Thursday, April 18, 2024

Can we give Cardcaptor Sakura another shot?

Do you remember Cardcaptor Sakura? I barely do, so I had to put in a little bit of effort when penning this article. This is also, honestly, why the franchise needs some sort of rebirth – whether it’s an anime remake like Sailor Moon Crystal or a stand-alone video game. Speaking of which, the magical girl saga inspired by a limited manga saw ten instalments launched on consoles ranging from Gameboy Color to PlayStation 2. However, they were only released in Japan, which partially stifled the series’ popularity in America, the UK and other countries. But that’s getting ahead of myself! If you’ve never heard of Cardcaptor Sakura, let me give you a quick rundown! 

Based on the manga created by artist group “Clamp,” Cardcaptor Sakura exists in a world filled with magic, might and mystery. A sorcerer known only as Clow Reed captures dangerous spirits with unique abilities and imprisons them inside rectangular cards. Both to keep them from using their power on civilization or seeking a more sinister ruler, Clow Reed uses his own abilities to wield the spirits and their abilities whenever he needs them, whether in battle or a simple trick of travel. Eventually Clow Reed disappears and a 10-year-old girl named Sakura Kinomoto accidentally unleashes the 19 spirits (or 52 if you follow the anime) into the world. Accompanied by a mystical, mini flying lion and her own signature wand, the young girl is tasked with recapturing all the spirits that she allowed to escape. 

In its various forms, Cardcaptor Sakura began as a manga that ran from 1996 to 2000, before becoming an even shorter anime from 2000 to 2001; although it started airing two years prior in Japan. Two movies, Cardcaptor Sakura: The Movie and Cardcaptor Sakura Movie 2: The Sealed Card, were released during this time and the saga fell to obscurity shortly after the Canadian run ended in early 2003. A reboot of the manga following an older Sakura in high school, Cardcaptor Sakura: Clear Card, is currently being serialized in Japan. And an Android and iOS game, “Happiness Memories,” launched in late 2019 but was taken out of app stores just nine months later citing bugs and operation failures. 

This got me thinking that Cardcaptor Sakura needs a major rebirth in America and other countries where it was even mildly successful. With platforms like Netflix and Hulu producing their own original content, I don’t think it would be a major gamble to air a reboot on either of those networks. But since this is a Gayming website, let me focus on why I think Cardcaptor Sakura needs a big console adaptation. I mean, the RPG possibilities are endless. If you ever watched the anime or the movies, you know Sakura often teams up for battle with a variety of allies and even a friend who videotapes her fights to offer her strategic advice. These are characters and magicians that could easily become allies in a video game, and let me not forget to mention how the mini flying lion, Kero, has the same likeability factor as Final Fantasy’s Moogles.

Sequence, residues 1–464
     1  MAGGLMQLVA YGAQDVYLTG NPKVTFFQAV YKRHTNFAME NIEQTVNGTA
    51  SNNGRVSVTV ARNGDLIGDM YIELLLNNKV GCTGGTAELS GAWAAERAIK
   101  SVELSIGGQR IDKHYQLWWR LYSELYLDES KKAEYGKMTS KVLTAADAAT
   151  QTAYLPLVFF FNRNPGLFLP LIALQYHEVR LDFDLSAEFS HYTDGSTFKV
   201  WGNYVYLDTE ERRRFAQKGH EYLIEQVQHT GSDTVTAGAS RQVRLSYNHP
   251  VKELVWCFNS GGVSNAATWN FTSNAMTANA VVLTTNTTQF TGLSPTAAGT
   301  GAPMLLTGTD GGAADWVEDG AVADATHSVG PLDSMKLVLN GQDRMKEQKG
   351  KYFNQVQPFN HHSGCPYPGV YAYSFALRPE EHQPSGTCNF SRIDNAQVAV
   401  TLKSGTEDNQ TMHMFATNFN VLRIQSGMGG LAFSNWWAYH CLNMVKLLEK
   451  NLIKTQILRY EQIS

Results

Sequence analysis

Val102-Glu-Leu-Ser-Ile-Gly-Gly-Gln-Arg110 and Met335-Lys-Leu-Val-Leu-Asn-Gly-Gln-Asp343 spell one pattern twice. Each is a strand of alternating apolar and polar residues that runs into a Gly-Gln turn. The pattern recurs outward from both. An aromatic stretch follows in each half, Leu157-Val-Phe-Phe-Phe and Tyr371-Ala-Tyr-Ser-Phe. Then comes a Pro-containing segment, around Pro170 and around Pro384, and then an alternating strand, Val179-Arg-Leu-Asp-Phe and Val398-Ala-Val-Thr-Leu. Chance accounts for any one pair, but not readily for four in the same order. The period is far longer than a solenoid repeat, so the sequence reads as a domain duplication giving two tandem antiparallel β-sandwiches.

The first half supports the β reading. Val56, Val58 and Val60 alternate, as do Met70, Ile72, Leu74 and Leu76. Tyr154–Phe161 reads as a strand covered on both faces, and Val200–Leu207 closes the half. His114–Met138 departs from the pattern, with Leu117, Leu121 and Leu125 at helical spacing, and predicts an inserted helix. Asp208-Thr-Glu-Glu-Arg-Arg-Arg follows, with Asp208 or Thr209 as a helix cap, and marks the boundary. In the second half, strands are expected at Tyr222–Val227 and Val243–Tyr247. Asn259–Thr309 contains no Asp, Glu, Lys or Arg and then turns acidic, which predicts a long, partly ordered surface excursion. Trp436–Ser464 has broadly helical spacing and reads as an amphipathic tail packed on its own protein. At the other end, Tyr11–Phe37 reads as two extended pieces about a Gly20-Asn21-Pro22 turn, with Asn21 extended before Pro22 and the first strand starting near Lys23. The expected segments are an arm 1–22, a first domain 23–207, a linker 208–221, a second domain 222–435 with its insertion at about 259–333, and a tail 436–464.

Let’s be honest, you can’t throw a video game controller without hitting something Pokemon related. Then there’s its lesser-known cousins Digimon and Monster Rancher. Gaymers are infatuated with the idea of capturing unique critters and training them to their advantage. With so many mystical and spiritual entities to be discovered and sealed away, that “hunt and capture” aspect seen in Pokemon could become a big draw for interested players. With a wide arrange of hero and villain cards, elemental and battle cards, pink and black cards, there truly is something for everyone’s niche. Although The Windy, a kind spirit capable of creating focused wind gusts, has always been my personal favourite. 

Entire video game series have been created based on the simple concept of a girl with special powers – even seen with darker editions like Control and The Medium. So, why not give Sakura another shot?

Michael Therkelsen

[He/Him] Michael was born and raised at the Jersey Shore and he loves love horror films, video games, hiking and cooking. He auditioned for American Idol in season 6 and worked as a vet tech before finally discovering his passion for writing. He has several short stories available for purchase on e-readers, and is obsessed with UFC, American Ninja Warrior and running half-marathons. With a wide area of interests and hobbies, he's excited to help other people in the LGBT community discovery the world of gaming.

One thought on “Can we give Cardcaptor Sakura another shot?

  • It’s also a very queer-friendly show: Tomoya, throughout the show, is clearly in love with Sakura and *both* Sakura and Li have a crush on Sakura’s older brother’s boyfriend.

    Yeah, the relationships get pretty convoluted for a kid’s show

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